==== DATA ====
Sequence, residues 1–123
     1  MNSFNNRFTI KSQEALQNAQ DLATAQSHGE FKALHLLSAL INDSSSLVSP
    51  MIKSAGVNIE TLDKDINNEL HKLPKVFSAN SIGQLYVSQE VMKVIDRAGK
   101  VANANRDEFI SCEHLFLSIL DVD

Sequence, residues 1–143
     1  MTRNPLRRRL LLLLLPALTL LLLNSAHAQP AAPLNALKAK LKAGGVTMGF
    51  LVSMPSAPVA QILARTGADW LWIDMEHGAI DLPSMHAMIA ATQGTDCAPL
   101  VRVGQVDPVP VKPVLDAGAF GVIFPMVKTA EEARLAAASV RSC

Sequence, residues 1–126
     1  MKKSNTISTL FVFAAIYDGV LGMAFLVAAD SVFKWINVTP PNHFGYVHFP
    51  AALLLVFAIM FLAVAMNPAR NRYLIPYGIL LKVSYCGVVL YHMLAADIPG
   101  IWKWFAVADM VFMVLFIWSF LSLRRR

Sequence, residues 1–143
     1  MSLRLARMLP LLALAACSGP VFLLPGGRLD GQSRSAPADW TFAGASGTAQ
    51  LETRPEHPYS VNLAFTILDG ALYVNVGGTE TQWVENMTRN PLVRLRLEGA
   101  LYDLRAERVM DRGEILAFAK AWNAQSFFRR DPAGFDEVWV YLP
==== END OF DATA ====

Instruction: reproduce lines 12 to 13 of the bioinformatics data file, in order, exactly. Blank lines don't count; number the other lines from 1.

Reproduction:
   101  IWKWFAVADM VFMVLFIWSF LSLRRR

Sequence, residues 1–143